Yes. There is nothing to prohibit or limit native English speakers or non-English learners from participating in language acquisition programs. For example, Dual-language immersion programs are designed for both native English speakers and English learners. However, all language acquisition programs must contain the elements for English learners described in FAQ number 5.

  1. What are Dual-Language Immersion programs or Two-Way Immersion programs?

    Dual-language immersion programs, also known as two-way immersion, provide a combination of language learning and academic instruction for native speakers of English and native speakers of another language, with the goals of high academic achievement, first and second language proficiency, and cross-cultural understanding. (EC Section 306[c][1].)

    For more information, visit the CDE Multilingual Education web page.
  1. What are Transitional Bilingual programs?

    Transitional bilingual programs are those designed for English learners that provide instruction to pupils utilizing English and the pupil’s native language to develop literacy and academic proficiency. (EC Section 306[c][2].)

    Students participate in transitional bilingual programs for approximately three years, with the goal of transition to English-only instruction. (Lindholm-Leary, [2010] Improving Education for English Learners: Research-Based Approaches, Chapter 6).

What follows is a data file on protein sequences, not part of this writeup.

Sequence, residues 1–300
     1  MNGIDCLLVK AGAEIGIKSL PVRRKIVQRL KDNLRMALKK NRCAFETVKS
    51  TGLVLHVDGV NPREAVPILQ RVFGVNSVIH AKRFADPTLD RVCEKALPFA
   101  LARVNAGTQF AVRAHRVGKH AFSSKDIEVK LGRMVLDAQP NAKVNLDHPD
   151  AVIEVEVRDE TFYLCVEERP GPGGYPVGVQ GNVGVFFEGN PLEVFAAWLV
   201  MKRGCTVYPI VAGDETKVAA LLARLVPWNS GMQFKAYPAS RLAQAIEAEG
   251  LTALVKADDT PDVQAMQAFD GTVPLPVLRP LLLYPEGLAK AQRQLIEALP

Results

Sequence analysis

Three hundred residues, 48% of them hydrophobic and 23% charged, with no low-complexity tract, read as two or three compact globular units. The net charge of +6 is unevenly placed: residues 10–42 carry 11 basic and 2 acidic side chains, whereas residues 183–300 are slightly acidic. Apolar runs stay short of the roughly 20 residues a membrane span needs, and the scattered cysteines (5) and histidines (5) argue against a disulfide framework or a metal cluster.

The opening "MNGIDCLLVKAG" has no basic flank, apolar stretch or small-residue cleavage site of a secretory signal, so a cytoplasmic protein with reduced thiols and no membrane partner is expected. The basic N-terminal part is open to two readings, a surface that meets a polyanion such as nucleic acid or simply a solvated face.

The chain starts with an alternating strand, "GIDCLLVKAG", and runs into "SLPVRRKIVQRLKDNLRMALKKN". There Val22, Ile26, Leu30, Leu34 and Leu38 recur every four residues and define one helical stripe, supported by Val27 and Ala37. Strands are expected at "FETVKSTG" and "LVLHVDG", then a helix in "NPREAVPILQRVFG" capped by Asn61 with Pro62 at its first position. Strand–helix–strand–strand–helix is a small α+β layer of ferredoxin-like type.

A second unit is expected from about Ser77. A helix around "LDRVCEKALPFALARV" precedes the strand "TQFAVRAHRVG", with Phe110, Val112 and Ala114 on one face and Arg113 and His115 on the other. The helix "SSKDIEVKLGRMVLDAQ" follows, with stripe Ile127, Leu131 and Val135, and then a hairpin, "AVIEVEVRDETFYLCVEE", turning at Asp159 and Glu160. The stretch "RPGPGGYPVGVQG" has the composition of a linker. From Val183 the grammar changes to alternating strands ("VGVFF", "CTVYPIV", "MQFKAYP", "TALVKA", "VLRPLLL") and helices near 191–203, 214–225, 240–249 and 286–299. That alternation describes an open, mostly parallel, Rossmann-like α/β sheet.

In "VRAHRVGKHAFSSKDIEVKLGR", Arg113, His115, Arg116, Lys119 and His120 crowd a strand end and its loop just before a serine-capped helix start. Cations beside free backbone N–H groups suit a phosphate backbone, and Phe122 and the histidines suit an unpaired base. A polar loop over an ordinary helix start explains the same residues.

2. What are Developmental Bilingual programs?

    Developmental bilingual programs are those designed for English learners, utilizing English and the pupil’s native language to provide instruction in literacy development and academic proficiency. (EC Section 306[c][2].)

    Students typically participate in developmental bilingual programs for approximately five to six years or longer, with the goal of bilingualism and biliteracy. (Lindholm-Leary, [2010] Improving Education for English Learners: Research-Based Approaches, Chapter 6).

    For more information, visit the CDE Multilingual Education web page.
  1. What is Structured English Immersion?

    Structured English Immersion is a program designed for English learners, which provides nearly all classroom instruction in English, but with curriculum and a presentation designed for pupils who are learning English. All LEAs are to provide, at a minimum, a program of Structured English Immersion for English learners. (EC sections 306[c][3]; 305[a][2].)

  2. Do language acquisition programs include Integrated and Designated ELD instruction?

    Yes. All language acquisition programs include Integrated and Designated ELD instruction on the state-adopted academic content and ELD standards. (5 CCR section 11300[d].)

    For more information, visit the English Language Arts/English Language Development Framework, Chapter 2, on the SBE-Adopted ELA/ELD Framework Chapters web page.

  3. What is Designated ELD?

    Designated ELD is instruction provided during a time set aside in the regular school day for focused instruction on the state-adopted ELD standards to assist English learners to develop critical English language skills necessary for academic content learning in English (5 CCR section 11300[a].)